During their very different careers, both Srivastava and Bourque Bearskin moved into leadership roles and have influenced the paths of others.

Rani Srivastava and her family.

Srivastava remembers an undergrad student she met while recruiting graduates into mental-health nursing. She didn’t even realize she had influenced the young student. It wasn’t until some years later, when they met again when the student was doing her PhD, that she found out how much of an influence she had.

“I can think of her — and I can think of a few other colleagues, graduate students, or nurses in practice — who through the conversations I’ve had with them, question and hopefully have belief in themselves. . . . The change I’ve seen is the self confidence, the willingness to go after something that they thought wasn’t attainable for them,” she says. This is what she received from her mentors, and what she hopes will help others.

“Those are some of the impacts I can see when I think about individuals and how I hope I have been an influence. They would have discovered their way, they’re fantastic people. But sometimes the conversations we had facilitated that.”

Bourque Bearskin says the fellowship is a way to encourage others.

Lisa Bourque Bearskin in her early nursing days with family.

“If I can support other Indigenous peoples to engage in advanced studies, that’s my purpose. That’s my greatest reward, to honour those other Indigenous nurses who have come before me. . . . I want to honor and recognize all the years of service to those who came before me. And my obligations now are to those nurses that are coming behind me and trying make that pathway a little bit smoother for them.”

On Friday, Srivastava and Bourque Bearskin will be tuning in for their virtual induction ceremony.

“Nursing has taught me about people. One of the areas I’ve done a lot of work in has been around the space of inclusion and belonging and I think this is a profession that has huge diversity across the profession. When I think about the future, I think we have a lot of opportunity to lead the way in what it means to really create inclusive healing societies and I’m excited by that,” says Srivastava.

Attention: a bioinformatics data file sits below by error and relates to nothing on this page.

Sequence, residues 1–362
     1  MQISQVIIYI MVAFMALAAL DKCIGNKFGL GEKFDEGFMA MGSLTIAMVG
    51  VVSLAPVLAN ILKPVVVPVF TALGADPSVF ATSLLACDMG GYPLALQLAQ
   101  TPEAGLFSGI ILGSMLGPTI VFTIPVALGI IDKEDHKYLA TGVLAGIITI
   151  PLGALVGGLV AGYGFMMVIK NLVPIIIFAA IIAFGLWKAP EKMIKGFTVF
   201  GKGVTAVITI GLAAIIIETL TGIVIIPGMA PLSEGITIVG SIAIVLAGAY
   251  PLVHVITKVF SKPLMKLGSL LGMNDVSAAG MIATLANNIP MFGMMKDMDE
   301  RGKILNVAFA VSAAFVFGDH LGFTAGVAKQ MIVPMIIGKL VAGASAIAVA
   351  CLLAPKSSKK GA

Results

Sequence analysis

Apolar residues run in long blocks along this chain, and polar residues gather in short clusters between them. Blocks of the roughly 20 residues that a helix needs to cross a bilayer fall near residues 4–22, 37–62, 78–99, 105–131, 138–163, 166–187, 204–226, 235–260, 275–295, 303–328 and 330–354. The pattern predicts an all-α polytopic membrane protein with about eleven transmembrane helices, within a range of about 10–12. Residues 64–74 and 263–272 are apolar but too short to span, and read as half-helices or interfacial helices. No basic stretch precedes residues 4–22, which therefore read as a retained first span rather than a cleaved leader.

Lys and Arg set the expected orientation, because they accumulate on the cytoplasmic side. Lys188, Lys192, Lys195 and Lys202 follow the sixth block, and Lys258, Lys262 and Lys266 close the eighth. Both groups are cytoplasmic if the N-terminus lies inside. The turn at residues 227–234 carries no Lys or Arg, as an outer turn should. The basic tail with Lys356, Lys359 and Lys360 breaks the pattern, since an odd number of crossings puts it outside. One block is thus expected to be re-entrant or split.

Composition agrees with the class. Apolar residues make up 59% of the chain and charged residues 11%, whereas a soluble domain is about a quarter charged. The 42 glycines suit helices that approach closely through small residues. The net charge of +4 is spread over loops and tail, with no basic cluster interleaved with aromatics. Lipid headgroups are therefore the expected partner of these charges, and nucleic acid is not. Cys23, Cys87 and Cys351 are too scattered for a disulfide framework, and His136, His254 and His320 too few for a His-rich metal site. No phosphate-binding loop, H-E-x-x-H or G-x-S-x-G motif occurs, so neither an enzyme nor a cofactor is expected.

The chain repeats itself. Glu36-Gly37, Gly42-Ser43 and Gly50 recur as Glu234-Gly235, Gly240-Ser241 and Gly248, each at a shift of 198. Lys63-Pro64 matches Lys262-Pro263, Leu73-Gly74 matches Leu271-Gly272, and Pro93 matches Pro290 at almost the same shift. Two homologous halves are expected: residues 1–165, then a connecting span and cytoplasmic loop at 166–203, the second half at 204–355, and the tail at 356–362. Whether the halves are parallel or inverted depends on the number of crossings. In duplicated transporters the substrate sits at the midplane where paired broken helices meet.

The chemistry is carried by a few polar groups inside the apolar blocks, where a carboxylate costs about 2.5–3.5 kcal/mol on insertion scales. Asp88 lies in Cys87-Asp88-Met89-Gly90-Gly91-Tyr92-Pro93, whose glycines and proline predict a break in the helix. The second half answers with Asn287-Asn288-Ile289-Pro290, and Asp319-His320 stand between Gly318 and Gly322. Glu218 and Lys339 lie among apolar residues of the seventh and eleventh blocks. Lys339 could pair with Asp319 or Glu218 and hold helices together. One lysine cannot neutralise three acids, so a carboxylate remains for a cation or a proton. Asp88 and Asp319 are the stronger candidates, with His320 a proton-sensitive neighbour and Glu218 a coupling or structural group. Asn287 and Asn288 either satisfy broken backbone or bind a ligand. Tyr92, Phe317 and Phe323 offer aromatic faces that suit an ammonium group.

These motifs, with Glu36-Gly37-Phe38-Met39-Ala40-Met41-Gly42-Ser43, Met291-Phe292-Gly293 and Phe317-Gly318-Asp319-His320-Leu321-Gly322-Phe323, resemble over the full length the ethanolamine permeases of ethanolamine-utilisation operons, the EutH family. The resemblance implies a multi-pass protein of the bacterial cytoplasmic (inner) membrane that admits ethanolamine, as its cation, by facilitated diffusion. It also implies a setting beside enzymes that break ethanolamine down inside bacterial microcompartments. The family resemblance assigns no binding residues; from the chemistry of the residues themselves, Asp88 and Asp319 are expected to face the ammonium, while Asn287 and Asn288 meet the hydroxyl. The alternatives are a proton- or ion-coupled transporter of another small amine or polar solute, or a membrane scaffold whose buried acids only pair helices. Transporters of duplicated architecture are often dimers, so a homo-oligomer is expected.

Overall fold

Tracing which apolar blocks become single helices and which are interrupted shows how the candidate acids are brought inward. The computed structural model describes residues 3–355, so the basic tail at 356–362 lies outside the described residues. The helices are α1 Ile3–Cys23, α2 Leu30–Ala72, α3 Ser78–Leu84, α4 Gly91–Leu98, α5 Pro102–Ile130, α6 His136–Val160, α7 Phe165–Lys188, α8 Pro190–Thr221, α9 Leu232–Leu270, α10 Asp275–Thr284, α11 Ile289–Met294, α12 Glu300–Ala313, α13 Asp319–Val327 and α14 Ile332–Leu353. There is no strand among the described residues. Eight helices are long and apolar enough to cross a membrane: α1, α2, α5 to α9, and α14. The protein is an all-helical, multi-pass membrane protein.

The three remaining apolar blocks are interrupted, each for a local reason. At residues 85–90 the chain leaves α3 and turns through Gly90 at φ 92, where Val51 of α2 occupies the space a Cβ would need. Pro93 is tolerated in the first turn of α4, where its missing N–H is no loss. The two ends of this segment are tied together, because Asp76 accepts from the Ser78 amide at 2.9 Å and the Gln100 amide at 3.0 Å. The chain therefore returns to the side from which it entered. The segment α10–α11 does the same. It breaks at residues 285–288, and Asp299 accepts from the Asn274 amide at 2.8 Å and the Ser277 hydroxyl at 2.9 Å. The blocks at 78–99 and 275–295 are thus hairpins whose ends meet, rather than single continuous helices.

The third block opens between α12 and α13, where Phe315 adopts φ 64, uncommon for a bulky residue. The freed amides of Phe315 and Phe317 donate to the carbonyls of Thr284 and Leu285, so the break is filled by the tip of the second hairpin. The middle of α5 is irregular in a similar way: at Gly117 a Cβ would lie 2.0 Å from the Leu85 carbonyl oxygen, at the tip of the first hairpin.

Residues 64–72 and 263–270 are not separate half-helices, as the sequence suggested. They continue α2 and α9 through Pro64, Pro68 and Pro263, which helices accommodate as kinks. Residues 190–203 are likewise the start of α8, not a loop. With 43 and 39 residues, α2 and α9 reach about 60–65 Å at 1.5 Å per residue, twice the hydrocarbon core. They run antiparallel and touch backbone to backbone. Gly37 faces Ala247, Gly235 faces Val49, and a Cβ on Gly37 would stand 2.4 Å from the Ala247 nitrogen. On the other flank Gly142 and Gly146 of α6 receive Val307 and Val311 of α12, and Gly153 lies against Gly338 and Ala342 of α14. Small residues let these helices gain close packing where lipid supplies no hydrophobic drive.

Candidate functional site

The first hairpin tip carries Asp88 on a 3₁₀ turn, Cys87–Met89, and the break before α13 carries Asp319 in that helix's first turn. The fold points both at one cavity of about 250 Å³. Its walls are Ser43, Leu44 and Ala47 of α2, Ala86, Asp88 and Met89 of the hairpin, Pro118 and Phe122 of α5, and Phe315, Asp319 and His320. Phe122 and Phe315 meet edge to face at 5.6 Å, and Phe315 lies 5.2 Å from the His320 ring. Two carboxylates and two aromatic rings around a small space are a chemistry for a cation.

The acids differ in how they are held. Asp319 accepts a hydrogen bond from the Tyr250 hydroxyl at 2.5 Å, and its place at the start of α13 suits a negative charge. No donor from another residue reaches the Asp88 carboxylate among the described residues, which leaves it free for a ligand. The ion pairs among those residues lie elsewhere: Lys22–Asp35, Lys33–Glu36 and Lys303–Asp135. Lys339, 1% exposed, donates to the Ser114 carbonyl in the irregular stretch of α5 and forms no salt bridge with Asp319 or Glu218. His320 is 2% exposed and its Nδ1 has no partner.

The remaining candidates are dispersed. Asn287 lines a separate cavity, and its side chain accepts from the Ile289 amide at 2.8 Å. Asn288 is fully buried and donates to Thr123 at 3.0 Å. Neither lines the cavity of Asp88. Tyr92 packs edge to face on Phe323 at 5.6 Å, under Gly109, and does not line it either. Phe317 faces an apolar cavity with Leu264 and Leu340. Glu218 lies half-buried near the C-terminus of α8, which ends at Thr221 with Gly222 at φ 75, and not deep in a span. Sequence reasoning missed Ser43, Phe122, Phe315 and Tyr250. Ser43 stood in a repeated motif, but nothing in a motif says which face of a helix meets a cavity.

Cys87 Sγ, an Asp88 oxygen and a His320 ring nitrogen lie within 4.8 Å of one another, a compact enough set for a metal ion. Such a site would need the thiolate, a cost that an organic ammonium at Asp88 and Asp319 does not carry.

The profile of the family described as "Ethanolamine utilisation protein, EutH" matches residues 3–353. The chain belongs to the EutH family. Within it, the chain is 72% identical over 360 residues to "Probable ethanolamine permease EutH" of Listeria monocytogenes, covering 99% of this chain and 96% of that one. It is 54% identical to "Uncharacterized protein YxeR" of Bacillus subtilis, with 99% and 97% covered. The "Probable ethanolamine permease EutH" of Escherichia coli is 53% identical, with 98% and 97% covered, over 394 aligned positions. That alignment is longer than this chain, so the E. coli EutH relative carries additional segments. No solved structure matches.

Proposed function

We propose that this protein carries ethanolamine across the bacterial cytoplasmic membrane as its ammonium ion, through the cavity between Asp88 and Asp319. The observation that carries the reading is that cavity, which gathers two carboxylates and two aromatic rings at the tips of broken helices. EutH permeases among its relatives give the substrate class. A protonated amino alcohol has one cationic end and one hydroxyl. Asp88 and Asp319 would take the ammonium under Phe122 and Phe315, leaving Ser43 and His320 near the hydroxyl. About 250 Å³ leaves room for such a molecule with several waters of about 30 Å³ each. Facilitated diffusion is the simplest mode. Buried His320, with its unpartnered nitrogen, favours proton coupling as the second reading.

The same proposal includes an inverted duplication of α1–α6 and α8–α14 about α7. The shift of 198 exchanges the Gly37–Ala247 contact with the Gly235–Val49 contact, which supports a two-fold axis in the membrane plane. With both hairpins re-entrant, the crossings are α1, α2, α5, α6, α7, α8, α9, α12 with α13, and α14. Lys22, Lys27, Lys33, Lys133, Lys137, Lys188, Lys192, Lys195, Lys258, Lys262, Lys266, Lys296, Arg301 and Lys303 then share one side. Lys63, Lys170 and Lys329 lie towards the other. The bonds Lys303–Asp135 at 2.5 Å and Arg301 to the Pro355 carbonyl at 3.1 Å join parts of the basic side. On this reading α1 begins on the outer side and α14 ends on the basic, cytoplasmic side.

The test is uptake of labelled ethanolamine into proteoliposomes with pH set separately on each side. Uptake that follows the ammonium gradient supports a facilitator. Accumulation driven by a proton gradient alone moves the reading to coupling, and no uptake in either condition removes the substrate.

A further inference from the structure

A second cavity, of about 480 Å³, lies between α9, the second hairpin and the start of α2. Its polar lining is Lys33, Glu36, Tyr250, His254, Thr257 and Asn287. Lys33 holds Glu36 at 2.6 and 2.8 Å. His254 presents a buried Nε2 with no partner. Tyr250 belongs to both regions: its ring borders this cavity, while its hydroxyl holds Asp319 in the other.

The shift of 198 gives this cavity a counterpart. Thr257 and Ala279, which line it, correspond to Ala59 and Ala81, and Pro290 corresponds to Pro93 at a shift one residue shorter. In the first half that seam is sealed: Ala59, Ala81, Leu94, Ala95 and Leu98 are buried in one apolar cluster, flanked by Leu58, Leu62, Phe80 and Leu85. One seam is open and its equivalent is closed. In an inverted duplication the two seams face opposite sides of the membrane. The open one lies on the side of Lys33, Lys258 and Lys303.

Bourque Bearskin is grateful to her family, her nation, her Indigenous colleagues, TRU and Tk’emlúps te Secwépemc for the opportunities she has had as she paves the way for the nurses of the future.

“There’s still so much work to do. . . . To prepare for seven generations ahead. I would be very worried about my grandchildren coming into health care,” she says, noting racism is still a problem.

“We all want to be of service for our nations. To be part of this academy just shows and signifies there are a number of Indigenous nursing leaders who have been nominated into this fellowship and it creates a safe space where we are now recognized as valued and as equals. As being good enough. Throughout my career, I always felt I wasn’t good enough. Being nominated by my Indigenous colleagues was that key message to say you are good enough Lisa, you have made an important contribution.”

Srivastava and Bourque Bearskin were nominated and encouraged by co-workers and peers to apply for the fellowship. While they had to submit their own information, others provided support through reference letters. Now they have earned the right to use the credential Fellow of the Canadian Academy of Nursing (FCAN).